Diabetes management has come a long way since the first glucometers hit the market in the 1980s. Before this revolutionary technology, most patients checked their glucose and adjusted their medications four times a year during visits to the doctor’s office. During the long months in between, patients were largely left to guess how to approach many aspects of their diabetes treatment and management plans.
Over the past 40 years, advances by device and drug manufacturers have changed the way we monitor and manage diabetes. Patients can now monitor glucose at five-minute intervals and receive algorithm-enabled devices to automatically deliver insulin, add carbohydrates and track various related health metrics in real time.
Although these technologies are much more sophisticated, they still present various challenges that must be overcome. We are now asking patients to become data scientists, analyzing and reacting to graphs and numbers throughout the day. At the same time, patients are responsible for navigating their insurance benefits and managing input from all stakeholders who seek to inform and influence how the patient self-manages their disease.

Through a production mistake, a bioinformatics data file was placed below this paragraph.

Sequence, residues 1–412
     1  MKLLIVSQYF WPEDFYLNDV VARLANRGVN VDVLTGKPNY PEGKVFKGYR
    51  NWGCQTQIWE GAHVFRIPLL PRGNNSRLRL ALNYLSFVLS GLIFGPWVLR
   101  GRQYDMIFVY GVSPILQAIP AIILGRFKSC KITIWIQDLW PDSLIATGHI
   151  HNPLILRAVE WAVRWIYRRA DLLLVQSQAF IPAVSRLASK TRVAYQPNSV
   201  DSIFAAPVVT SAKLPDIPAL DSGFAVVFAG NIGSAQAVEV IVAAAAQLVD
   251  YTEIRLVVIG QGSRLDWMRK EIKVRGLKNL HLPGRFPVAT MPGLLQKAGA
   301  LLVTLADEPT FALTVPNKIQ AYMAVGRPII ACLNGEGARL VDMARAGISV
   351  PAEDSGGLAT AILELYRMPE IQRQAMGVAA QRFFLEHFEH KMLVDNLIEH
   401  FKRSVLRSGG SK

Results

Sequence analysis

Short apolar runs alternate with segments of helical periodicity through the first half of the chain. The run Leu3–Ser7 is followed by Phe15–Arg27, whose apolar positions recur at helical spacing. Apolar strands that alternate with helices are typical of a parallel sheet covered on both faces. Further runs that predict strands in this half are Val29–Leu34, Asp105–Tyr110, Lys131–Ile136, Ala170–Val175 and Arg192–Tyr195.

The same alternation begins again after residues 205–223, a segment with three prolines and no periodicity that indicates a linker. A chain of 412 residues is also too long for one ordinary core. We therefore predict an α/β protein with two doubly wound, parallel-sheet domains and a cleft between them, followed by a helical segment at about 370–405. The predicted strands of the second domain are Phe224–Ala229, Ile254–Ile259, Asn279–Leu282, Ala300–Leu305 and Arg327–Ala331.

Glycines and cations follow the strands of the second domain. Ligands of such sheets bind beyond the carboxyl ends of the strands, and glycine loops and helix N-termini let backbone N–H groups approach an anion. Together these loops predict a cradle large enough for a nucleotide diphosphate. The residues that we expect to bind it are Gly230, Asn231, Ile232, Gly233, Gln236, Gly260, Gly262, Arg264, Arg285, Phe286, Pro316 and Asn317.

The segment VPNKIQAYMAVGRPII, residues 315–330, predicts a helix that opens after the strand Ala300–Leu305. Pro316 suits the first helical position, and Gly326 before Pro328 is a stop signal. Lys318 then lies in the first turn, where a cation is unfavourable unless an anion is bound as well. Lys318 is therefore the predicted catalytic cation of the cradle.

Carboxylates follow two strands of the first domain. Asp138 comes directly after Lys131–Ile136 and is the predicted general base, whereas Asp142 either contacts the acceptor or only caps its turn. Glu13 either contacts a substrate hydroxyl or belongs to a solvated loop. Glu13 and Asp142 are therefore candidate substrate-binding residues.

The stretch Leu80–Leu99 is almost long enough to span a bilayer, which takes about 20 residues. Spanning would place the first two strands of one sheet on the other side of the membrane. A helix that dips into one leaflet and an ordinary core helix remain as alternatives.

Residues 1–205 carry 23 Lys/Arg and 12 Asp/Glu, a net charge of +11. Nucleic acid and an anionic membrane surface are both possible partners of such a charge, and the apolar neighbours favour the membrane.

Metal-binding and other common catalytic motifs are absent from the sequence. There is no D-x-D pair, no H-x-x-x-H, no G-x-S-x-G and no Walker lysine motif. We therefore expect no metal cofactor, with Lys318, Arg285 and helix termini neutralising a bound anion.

Unfortunately, patients don’t always have the education and support they need to successfully use their devices, interpret the many numbers generated, and integrate key information into their diabetes journey.
There is a critical and untapped opportunity to ensure that patients have a clear and direct path to better self-management by leveraging one of the most important connections for a person with diabetes: their connection to their device and supply distributors.